Tag Archives: farming

Margaret’s last day

As part of our work with Send a Cow, Ugandan farmer Margaret Kifuko visited our farm in Devon for two weeks (see our original post about our events here.) Today is her last day with us, so here are some photos of Margaret during her time at Wash farm.

growing in France

Just back from France having finally completed the purchase of 80 cows, three tractors a large lake and 250 acres sandy in the Vendee; the plan being to grow veg and extend our seasons just four hours drive from and a ferry from us rather than going to Spain for it.

After fourteen months of buearocracy the Department has decided that we are fit to farm and the deal is done. Actually the local farming community has been very supportive and encouraging and Didier, the selling farmer, has acquired a new lease of life and decided to stay on as a partner.

We are already 14 months into the conversion so the first fields will be organic and ready for cropping next spring. We have already started some crop trials of lettuce, spinach and beans. Despite a cold winter the much higher light levels are plain to see in the vigorous growth. The only obvious problems are the wild boar – showing an unhelpful interest in the broad beans – and a plague of giant rats the size of a badger.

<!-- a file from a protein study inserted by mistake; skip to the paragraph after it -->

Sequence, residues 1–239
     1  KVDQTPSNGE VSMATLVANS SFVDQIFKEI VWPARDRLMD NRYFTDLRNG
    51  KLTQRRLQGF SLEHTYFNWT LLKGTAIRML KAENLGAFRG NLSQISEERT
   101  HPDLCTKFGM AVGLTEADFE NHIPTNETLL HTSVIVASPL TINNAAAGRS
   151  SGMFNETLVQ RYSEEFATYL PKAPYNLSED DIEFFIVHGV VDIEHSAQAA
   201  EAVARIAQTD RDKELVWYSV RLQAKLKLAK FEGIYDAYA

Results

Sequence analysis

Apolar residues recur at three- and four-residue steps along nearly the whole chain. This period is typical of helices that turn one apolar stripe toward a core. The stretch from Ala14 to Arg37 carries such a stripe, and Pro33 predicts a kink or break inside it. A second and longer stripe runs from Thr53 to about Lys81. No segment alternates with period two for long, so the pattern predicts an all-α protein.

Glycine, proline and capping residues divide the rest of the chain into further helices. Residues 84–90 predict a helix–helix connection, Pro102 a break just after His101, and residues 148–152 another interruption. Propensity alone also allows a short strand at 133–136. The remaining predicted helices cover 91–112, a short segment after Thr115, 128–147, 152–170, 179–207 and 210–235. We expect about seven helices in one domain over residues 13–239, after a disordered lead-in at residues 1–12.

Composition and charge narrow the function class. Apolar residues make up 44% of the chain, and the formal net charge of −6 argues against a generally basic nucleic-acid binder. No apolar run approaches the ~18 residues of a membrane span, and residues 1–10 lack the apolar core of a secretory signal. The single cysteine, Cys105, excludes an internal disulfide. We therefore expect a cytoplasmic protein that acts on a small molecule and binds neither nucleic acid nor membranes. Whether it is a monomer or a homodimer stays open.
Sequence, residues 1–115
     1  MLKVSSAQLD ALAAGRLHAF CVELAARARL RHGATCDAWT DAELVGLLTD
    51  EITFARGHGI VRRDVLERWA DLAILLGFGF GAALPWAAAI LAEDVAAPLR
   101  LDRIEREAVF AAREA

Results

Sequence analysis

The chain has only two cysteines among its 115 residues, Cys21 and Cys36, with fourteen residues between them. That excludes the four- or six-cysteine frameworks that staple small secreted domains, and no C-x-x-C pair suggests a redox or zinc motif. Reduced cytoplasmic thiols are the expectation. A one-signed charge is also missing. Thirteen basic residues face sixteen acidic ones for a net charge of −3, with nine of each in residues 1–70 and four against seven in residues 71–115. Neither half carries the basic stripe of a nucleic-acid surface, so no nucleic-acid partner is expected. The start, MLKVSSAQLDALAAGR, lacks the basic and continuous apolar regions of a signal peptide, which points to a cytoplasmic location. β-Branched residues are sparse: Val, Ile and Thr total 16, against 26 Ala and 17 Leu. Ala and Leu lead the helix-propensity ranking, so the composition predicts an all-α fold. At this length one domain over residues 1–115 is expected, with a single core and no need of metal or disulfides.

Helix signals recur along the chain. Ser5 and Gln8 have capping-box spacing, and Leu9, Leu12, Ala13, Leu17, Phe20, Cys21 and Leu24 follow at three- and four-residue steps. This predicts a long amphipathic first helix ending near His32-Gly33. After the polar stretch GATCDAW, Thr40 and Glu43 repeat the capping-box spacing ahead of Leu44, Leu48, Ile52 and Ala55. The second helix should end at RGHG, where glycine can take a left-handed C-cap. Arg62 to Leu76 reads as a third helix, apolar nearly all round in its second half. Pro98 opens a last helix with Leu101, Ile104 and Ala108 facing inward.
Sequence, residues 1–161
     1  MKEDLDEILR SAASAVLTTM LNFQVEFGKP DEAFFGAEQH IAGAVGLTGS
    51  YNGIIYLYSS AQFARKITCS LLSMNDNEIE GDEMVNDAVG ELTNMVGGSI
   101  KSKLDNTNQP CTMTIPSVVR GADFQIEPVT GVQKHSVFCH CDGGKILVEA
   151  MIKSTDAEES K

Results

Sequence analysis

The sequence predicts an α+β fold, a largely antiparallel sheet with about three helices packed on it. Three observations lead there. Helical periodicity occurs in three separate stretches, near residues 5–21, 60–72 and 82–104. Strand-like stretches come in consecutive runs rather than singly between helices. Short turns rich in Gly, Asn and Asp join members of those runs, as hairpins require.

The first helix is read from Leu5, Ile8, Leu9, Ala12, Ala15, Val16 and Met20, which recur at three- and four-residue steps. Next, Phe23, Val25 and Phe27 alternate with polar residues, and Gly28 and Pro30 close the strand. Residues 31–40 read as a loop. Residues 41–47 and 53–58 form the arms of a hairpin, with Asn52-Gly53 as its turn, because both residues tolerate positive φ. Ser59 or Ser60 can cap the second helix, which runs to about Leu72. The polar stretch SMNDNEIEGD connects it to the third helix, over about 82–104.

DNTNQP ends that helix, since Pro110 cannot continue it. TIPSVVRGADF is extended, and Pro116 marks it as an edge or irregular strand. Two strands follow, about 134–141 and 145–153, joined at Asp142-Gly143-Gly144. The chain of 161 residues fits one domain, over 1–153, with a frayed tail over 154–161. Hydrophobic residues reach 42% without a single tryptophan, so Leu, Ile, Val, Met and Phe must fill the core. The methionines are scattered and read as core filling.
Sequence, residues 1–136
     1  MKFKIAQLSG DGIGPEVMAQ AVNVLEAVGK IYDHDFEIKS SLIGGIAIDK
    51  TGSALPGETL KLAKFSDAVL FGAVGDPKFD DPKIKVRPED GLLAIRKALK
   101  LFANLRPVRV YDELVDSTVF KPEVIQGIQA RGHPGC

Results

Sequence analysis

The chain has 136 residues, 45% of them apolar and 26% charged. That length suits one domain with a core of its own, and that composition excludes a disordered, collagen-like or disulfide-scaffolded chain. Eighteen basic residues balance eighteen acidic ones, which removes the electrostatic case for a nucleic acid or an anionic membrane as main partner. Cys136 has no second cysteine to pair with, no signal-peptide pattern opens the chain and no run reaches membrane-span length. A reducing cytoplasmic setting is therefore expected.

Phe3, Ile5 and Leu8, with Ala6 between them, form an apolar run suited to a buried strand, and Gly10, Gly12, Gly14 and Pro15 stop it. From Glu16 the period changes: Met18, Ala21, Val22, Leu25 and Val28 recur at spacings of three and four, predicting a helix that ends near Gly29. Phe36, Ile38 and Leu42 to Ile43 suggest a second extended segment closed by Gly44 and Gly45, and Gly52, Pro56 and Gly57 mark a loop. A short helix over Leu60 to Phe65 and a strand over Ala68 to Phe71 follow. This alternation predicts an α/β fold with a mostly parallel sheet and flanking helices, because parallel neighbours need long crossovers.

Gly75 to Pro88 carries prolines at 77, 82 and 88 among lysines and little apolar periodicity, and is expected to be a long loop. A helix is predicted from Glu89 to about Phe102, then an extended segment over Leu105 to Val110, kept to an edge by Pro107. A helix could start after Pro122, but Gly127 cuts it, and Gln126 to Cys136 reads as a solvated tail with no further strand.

Where have all the greens gone?

Cavolo Nero (black kale)

Cavolo Nero (black kale)

Where have all the greens gone? A farmer’s explanation.

You may have noticed the greens in our boxes have fallen below their usual abundant, home-grown standards for the time of year, and that we have been rather root-heavy. I hope that a bit of an explanation will encourage you to bear with us.

Why are the boxes short on greens?

We expect to come back after Christmas to a deluge of produce that has been growing away while we were on holiday. But this year we have a real lack of greens: cauliflower, cabbages, purple sprouting broccoli, leeks, spring greens. We have cabbages struggling to reach the size of a cricket ball; a cauliflower crop where the ‘smalls’ (curd size under 10cm, which usually make up 10% of the crop) account for nearly half the crop; spring greens running four weeks late and feeding more deer and rabbits than customers; and leeks limited to small shafts by the weather.

The immediate reason is the exceptionally cold snap which has two consequences. Firstly, we can’t harvest them while they are frosted. And secondly, in such cold periods many plants just close down and don’t grow, even in our most south facing and coastal Devon fields.

But the problem actually goes back to the appalling summer of 2008. Many of these crops were planted then, and should have had a warm dry period to put their roots down and start their growth. Instead they went into inhospitable, wet, cold soil, where the nutrients were leached away by rain. They had no need to put roots down deep to find moisture, and the cold inhibited their initial growth.

What are we doing about it now?

We are sourcing all we can from our other farms, benefiting from some differences in climate and soil. But the cold has been widespread so we have not been able to get as much as we’d like. As you may have noticed, we are doubling up on the produce that is coming in small.

And looking forward…